Below is a list of questions we commonly receive about business intelligence, data warehousing and our company. If you still have questions you would like to have answered, please do get in touch with us.
While many definitions exist, at Dataspace we define business intelligence as the art and science of delivering the right data to the right users in the right format at the right time. Business intelligence has evolved over the years from the simple act of writing and reading about commercial transactions, to manually created accounting financial statements that summarized many transactions, to computerized reporting tools and languages like COBOL, and finally to today’s interactive business intelligence and query tools.
For a number of reasons (see “Do I need a data warehouse?” below), it may be inadvisable to provide business intelligence directly off the operational systems that capture data. In these cases, organizations may create data warehouses. A data warehouse is simply a database that contains the information that, sometimes, underlies a business intelligence system.
Data warehouses and data marts are databases that isolate reporting and business intelligence from operational systems. This isolation may be necessary for a number of reasons including, A) complex BI queries might slow the operation of key functions or processes with connections to these systems; B) BI queries may be so complex that the run time will take longer than is optimal to meet user needs; C) Operational systems may regularly discard details that are not necessary for day-to-day operations but vital to trend analysis; and/or d) users may need to report against not just one, but multiple systems simultaneously. In cases like these, a data warehouse may be necessary. Remember, data warehouses are complex systems to build and maintain. They are sometimes necessary, but alternatives should be considered.
Even the most knowledgeable IT organization can fall victim to some mistakes that can cost them money and time. For example:
BI initiatives that are more about delivering data than about improving business processes or other actionable outcomes are much less likely to demonstrate a return on investment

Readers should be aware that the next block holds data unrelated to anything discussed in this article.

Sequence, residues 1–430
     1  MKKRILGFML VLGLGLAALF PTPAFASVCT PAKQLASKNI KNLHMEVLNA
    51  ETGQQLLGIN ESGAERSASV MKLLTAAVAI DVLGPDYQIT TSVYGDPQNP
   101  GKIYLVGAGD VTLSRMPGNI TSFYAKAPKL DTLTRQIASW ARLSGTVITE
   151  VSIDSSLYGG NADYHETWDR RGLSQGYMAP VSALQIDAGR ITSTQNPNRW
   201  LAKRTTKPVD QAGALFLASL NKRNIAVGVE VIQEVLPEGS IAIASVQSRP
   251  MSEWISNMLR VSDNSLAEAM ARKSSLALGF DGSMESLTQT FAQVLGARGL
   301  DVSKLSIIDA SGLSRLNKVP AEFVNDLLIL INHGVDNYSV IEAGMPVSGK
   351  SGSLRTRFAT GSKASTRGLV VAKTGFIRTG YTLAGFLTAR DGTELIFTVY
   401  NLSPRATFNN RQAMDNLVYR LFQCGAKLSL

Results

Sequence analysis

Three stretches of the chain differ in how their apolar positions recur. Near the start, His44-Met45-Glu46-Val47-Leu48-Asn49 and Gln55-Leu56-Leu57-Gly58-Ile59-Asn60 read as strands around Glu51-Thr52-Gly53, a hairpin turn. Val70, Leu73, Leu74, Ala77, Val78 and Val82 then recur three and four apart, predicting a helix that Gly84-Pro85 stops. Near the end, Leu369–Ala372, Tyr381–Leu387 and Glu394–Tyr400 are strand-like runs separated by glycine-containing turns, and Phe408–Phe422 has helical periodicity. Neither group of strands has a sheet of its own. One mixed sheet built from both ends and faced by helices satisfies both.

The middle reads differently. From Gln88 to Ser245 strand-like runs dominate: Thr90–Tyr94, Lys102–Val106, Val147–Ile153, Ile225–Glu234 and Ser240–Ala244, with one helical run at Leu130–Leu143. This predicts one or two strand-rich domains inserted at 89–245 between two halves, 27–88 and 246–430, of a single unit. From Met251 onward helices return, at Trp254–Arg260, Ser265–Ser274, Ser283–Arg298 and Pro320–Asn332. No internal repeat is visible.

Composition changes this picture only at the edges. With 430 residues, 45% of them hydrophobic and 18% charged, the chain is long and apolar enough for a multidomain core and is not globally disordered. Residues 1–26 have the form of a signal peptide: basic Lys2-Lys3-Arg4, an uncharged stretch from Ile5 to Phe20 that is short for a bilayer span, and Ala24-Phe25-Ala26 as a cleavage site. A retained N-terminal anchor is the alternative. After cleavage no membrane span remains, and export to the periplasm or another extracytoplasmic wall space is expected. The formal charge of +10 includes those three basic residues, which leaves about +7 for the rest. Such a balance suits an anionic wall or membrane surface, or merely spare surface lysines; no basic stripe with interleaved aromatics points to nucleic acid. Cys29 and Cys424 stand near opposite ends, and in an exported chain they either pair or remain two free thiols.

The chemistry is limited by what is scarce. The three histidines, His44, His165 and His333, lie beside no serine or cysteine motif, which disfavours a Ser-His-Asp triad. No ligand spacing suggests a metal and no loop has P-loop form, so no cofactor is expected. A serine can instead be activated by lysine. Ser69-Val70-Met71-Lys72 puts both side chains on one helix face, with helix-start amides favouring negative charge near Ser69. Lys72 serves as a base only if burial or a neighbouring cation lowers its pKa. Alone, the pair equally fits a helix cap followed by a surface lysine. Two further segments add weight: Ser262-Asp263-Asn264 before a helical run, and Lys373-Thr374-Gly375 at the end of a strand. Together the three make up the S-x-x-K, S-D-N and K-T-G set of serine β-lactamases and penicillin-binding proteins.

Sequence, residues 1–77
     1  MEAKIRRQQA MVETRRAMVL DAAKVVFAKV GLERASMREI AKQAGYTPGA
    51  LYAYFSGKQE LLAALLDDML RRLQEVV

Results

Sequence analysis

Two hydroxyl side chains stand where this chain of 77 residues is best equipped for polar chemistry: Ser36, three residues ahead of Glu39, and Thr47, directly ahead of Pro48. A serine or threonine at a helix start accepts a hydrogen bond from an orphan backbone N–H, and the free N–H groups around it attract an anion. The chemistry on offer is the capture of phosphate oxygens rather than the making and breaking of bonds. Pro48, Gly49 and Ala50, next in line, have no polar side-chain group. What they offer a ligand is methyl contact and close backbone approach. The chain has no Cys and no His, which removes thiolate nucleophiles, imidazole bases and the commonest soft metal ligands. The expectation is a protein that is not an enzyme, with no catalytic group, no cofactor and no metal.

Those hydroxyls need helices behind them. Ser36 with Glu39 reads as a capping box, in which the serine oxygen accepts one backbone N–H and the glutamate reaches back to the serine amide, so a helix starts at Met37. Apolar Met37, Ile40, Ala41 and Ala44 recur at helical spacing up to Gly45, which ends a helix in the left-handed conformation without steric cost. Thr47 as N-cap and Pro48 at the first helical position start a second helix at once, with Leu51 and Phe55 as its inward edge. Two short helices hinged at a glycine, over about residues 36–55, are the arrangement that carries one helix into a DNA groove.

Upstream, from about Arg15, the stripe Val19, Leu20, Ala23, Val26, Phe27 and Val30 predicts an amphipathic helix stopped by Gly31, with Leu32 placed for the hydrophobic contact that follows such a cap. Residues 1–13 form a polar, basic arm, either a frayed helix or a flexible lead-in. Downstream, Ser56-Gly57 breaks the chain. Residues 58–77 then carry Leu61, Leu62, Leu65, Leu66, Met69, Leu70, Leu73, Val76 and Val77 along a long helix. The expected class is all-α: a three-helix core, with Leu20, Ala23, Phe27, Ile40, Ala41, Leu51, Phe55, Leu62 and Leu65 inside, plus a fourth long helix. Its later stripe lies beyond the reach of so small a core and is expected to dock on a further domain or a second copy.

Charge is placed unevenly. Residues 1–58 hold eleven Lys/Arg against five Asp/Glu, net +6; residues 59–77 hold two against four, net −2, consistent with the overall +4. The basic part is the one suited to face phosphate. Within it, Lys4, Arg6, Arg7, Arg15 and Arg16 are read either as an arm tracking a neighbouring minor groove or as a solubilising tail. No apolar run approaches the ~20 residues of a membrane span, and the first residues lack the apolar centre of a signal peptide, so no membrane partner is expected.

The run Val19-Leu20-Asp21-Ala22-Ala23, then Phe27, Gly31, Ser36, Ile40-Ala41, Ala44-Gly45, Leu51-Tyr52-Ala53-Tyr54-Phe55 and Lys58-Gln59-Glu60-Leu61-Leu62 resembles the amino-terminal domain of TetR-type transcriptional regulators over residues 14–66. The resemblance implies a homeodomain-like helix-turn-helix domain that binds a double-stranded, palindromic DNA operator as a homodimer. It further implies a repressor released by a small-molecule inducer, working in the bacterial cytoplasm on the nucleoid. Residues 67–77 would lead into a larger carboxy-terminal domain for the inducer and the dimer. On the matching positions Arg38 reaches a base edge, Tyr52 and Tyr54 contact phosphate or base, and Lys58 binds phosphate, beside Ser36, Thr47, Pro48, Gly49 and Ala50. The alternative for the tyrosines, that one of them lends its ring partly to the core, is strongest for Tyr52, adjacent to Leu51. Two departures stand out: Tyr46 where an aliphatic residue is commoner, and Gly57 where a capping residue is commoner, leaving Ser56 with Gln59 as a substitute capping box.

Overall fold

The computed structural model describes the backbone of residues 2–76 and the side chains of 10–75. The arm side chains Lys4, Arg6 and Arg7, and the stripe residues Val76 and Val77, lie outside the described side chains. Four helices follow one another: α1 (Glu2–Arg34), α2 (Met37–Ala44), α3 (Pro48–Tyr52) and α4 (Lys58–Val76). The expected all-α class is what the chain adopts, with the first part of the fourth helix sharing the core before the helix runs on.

While the terms data warehouse and data mart are thrown around loosely, at Dataspace we think of a data warehouse as a database that integrates data from numerous sources, acting as a clean source of truth for downstream data marts. A data mart, on the other hand, is a reporting database focused on the specific needs of a particular group of users (e.g. the finance data mart or the sales data mart or the distribution data mart).
While some technologies are better than others, there is no generic ‘best’. Instead, The best BI technology is one that meets user needs at a reasonable cost. Many organizations try to set corporate standards built around a ‘best’ technology; however, these organizations lose sight of the fact that there is no single BI user. Most organizations house a number of user communities, many with vastly different needs. Thus, it is possible – even likely – that rather than a ‘best’ BI technology, these organizations should be looking for the ‘best’ technology for a particular job or a particular group of users.
For over 15 years the data warehouse industry has been captivated by the seemingly opposite approaches of two industry luminaries, Bill Inmon and Ralph Kimball. Although careful study will show that the approaches are not as different as people think, Inmon is generally associated with building a data warehouse that integrates data from multiple sources and then feeds it to downstream BI tools and data marts. Kimball, on the other hand, is associated with building data marts and joining them together into an integrated whole.
Dataspace’s first rule is that pragmatism rules. Sometimes the Inmon approach makes the most sense, sometimes the Kimball approach does, sometimes you should do what we call “getting to Inmon on the back of Kimball”, and sometimes you don’t really even need a data warehouse. Give Ralph and Bill a rest, let logic and experience rule.
Dataspace is unique among BI consultancies for the following reasons:
Dataspace serves two primary audiences:
Our headquarters is located in the university town of Ann Arbor, Michigan. However, our client base spans the United States. In most cases, we travel to client locations when necessary and are very effective at performing work offsite when possible to keep travel expenses to a minimum.